> I'm not sure what you mean by "web sockets", I've used the kind of sockets
> provided by PHP but if you mean something else I've no clue what that might be.

Web sockets has been introduced with html 5 (and there are a few diffe3rent
standards too), which allows the server to push content to the browser instead
of using ajax which pulls information from the server.

--

//Aho
Re: Is there a way to distinguish an auto-refresh from a manual page load? [message #177196 is a reply to message #177194] Sun, 26 February 2012 13:44 Go to previous messageGo to next message
Peter H. Coffin is currently offline  Peter H. Coffin
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On Sun, 26 Feb 2012 11:08:25 -0700, crankypuss wrote:

> I've never been successful in digging around to find out how the few
> web pages I've seen are able to update the page without constant
> flickering and so on, it's my impression (*not* understanding, I lack
> that) that http is a client/server protocol and that once a request
> has been fulfilled the transaction is over. I'm curious, but not
> compelled.
>
> On the other hand I have been somewhat successful in creating the same
> appearance by using closely spaced refreshes, most browsers seem not
> to clear the screen prior to rendering so if the next is mostly the
> same as the last it appears to have been partially updated.
>
> I'm not sure what you mean by "web sockets", I've used the kind of
> sockets provided by PHP but if you mean something else I've no clue
> what that might be.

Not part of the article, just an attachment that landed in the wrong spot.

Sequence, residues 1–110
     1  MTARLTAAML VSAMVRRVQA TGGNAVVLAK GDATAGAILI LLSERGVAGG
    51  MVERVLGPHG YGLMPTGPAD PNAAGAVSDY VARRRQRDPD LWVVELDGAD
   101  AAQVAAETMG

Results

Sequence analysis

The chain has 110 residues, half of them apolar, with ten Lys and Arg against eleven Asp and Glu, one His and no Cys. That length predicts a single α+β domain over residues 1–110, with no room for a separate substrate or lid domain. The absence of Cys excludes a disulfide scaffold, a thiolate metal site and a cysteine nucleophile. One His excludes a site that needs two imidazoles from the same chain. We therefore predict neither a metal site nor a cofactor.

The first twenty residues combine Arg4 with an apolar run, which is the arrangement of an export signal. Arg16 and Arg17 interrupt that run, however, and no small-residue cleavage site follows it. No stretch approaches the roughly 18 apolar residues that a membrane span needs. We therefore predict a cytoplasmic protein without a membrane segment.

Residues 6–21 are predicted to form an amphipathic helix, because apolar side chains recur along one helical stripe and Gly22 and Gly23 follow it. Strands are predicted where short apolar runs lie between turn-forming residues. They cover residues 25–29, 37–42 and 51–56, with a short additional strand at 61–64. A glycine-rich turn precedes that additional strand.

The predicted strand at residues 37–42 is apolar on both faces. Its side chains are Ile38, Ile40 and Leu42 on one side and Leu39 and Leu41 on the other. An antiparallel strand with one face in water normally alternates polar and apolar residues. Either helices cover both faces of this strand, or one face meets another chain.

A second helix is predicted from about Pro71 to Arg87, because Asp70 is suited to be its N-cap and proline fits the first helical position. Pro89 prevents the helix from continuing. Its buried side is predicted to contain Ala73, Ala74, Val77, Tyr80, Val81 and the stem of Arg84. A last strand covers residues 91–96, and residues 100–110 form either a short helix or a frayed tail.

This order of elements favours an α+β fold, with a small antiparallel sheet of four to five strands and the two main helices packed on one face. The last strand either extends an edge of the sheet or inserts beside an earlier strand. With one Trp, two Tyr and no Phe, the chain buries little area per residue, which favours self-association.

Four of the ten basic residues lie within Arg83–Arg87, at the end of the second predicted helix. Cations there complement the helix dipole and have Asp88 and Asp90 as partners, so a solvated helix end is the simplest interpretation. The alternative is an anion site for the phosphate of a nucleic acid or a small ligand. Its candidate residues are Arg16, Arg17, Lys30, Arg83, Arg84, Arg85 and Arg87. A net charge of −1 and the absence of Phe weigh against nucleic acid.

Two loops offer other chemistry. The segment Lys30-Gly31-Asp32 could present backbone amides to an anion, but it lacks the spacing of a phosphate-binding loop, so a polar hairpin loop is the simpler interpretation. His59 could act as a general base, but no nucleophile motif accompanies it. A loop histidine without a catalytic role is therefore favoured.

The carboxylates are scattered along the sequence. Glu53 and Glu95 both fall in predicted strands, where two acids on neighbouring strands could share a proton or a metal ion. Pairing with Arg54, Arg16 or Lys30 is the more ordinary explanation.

javascript does not shut down just because the page is finished
loading. The javascript makes a background request to a specialize "not
generating a web page, just feeding data" script on the server, then
updates its own document (that is, the rendered page) based on the new
data it receives.

--
For every subject you can think of there are at least 3 web sites.
The owners of these web sites know each other and at least one of
them hates at least one of the others.
-- mnlooney's view of Skif's Internet Theorem
Re: Is there a way to distinguish an auto-refresh from a manual page load? [message #177198 is a reply to message #177195] Sun, 26 February 2012 15:06 Go to previous messageGo to next message
crankypuss is currently offline  crankypuss
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On 02/26/2012 11:40 AM, J.O. Aho wrote:
> crankypuss wrote:
>> On 02/26/2012 05:25 AM, The Natural Philosopher wrote:
>
>>> It occurs to me if I do refresh under Javashite I can always hand set a
>>> variable to say 'ignore the post variables, if they happen to be set'
>>>
>>> BUT I have to say I am attracted to playing with web sockets sim0ply